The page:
The Soloist follows Steve Lopez's journey as he tries to help a former Juilliard student, Nathaniel Ayers, who is now homeless and diagnosed with mental illness. What is so compelling is the honest, close-up view of those whom are mentally ill and the abandonment that has left them with nowhere else to go but the streets. Lopez hails the often unseen mental health workers and volunteers that have dedicated their lives to turning this tragedy into something made of hope. His struggles with the differing viewpoints on treatment and his own impatience bring to life the reality of trying to save the world or even just one person. As I was reading, I felt like I was taking this journey with Lopez. That I was learning just as he was learning. Lopez makes it clear that important life lessons can be learned in the most unsuspecting of places. It is an eye-opening and heartbreaking look at the unpredictability of life and how in an instant everything we know as real can be challenged or even worse - for some - taken away completely.

    Was this review helpful? Yes  No   Report this review
  • Posted January 1, 2009

    Touching Read

    This story was so very touching. Though I am a fan of most types of music, there were points where it flowed slowly or I was lost with the lingo of composers, numbers and scales. But overall it doesn't detract from the point. True friendship, love and a journey toward healing. I was moved by the struggle of both the main characters and inspired by their bravery. Stunningly descriptive, you really have the picture of poverty and illness put out there in stark truth. I rooted for them all the way. For Mr. Ayers to get better and for he and Mr. Lopez's friendship to endure. There were many special break throughs, heartbreaking setbacks, and best of all I think the magic of them helping each other find themselves. It also makes me feel uplifted to know how many good people are in this world as they rallied the journey of this pair.

    Was this review helpful? Yes  No   Report this review
  • Posted December 28, 2008

    more from this reviewer

    Comforting and warm hearted

    The Author Steve Lopez digs deep into the life of Anthony Ayers, the cello, violin, piano genius and his mental illness. The majority of this book made me feel sad for Mr. Ayers, but it also opened my eyes to Americas homless population and mental illness. I loved how Mr. Lopez not only took Mr. Ayers as a topic for a stoy, but he took him into his life as a friend and supporter. I do wish however, that the end of the book had a bit of a epiloge regarding Mr. Ayers and how he is doing with his music and current health status.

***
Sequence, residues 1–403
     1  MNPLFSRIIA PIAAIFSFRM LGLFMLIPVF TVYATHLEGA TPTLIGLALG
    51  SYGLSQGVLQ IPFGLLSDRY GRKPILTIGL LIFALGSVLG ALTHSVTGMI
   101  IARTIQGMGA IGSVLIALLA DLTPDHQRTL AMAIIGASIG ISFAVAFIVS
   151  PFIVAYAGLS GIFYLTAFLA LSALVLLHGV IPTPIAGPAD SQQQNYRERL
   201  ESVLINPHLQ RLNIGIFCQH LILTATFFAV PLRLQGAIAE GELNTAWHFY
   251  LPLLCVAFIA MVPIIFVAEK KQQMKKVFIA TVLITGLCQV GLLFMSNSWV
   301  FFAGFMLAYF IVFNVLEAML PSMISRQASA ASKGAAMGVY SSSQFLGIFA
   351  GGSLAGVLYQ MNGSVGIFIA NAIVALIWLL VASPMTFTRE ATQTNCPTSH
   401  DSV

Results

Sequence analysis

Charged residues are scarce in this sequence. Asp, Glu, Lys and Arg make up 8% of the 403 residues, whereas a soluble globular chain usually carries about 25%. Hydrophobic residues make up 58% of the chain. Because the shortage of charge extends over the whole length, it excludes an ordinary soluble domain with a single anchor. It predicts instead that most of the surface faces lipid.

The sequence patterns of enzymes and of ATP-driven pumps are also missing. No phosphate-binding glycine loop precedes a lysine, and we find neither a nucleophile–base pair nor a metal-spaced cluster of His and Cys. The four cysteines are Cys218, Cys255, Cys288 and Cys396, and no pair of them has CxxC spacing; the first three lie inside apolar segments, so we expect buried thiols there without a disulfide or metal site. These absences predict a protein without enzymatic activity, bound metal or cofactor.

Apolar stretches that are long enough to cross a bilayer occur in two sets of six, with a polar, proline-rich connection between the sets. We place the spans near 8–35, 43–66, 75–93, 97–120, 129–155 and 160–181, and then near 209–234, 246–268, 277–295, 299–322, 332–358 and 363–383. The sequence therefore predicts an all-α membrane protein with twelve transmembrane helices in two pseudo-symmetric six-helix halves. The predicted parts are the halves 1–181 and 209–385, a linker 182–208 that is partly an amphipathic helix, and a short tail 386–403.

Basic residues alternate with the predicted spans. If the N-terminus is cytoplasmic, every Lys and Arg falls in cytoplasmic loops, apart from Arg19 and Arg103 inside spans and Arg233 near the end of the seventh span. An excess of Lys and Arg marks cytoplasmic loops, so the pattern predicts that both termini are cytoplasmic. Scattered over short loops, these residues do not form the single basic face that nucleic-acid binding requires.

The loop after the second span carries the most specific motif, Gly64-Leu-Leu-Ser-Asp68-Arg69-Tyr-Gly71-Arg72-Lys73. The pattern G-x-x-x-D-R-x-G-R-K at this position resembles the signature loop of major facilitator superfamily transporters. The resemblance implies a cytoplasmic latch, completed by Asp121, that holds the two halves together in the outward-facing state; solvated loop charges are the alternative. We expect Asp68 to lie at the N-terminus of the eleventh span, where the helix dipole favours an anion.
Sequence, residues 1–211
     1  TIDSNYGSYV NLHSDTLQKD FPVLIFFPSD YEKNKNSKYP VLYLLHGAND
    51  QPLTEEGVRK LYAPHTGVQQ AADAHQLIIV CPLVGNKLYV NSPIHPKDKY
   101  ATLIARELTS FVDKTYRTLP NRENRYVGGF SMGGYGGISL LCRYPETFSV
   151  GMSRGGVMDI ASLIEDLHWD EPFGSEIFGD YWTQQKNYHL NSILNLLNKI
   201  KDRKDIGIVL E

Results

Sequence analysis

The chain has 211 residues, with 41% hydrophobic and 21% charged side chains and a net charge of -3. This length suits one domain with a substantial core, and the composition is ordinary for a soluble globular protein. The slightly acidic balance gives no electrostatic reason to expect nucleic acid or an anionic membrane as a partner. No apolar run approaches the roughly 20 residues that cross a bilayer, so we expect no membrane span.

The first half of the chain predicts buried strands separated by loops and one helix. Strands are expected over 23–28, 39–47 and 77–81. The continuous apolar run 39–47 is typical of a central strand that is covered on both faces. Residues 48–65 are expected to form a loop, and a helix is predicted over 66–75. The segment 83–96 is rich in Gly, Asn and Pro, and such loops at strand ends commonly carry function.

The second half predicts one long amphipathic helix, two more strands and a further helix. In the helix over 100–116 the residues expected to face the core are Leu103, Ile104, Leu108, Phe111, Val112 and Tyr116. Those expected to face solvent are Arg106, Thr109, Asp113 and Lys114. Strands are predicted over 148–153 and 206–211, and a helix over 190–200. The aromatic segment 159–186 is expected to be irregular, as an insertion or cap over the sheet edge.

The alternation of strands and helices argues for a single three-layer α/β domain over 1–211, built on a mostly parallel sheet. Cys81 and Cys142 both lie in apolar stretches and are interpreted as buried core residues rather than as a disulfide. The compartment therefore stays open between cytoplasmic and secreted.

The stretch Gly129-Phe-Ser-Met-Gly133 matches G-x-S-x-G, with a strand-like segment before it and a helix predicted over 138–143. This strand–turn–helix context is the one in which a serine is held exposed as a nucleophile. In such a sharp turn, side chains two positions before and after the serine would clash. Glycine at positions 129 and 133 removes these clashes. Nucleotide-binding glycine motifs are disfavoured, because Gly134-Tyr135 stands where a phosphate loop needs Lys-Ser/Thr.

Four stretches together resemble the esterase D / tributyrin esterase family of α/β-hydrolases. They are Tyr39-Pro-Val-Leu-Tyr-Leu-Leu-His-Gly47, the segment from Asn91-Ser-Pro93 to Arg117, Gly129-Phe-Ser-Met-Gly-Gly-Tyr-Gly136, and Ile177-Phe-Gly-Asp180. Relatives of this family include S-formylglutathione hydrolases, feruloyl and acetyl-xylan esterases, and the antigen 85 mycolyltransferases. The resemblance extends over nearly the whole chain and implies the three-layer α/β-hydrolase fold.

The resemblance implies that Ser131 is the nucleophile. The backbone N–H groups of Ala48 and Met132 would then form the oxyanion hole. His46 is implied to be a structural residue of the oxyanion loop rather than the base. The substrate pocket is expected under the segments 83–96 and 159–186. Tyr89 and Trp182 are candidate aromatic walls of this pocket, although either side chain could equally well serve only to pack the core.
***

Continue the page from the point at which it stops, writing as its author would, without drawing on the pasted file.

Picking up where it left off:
Was this review helpful? Yes  No   Report this review
  • Anonymous

    Posted July 28, 2008

    a wonderful tribute to humanity.

    It's a beutiful story about a columnest looking for a story, finding one and in the process helping a wonderfully talented homeless musician find his way to safety and a glorious connection with concert musicians that he long ago studied with in Juilliard. The book is well researched, classical musicians should appreciate it.

    Was this review helpful? Yes  No   Report this review
  • Anonymous

    Posted May 18, 2008

    Interesting

    I enjoyed this book. I think it illustrates that many people who live on the street do so because they are mentally ill, and because they want to be there. The author, who first just wanted to get a story, found himself emotionally invested in the life of Nathaniel. Many times I wondered how the author could keep going back to help someone who didn't want to be helped. I credit him for sticking it out and really trying to make a difference both in Nathaniel's life, and the lives of the poorest and most neglected.

    Was this review helpful? Yes  No   Report this review
  • Anonymous

    Posted January 28, 2010

    No text was provided for this review.

  • Anonymous

    Posted October 26, 2008

    No text was provided for this review.

  • Anonymous

    Posted July 29, 2010

    No text was provided for this review.

  • Anonymous

    Posted January 4, 2010

    No text was provided for this review.

  • Anonymous

    Posted January 20, 2010

    No text was provided for this review.

  • Anonymous

    Posted January 25, 2010

    No text was provided for this review.

  • Anonymous

    Posted June 27, 2011

    No text was provided for this review.

  • Anonymous

    Posted January 26, 2010

    No text was provided for this review.

Sort by: Showing 1 – 20 of 30 Customer Reviews
Page 1 of 2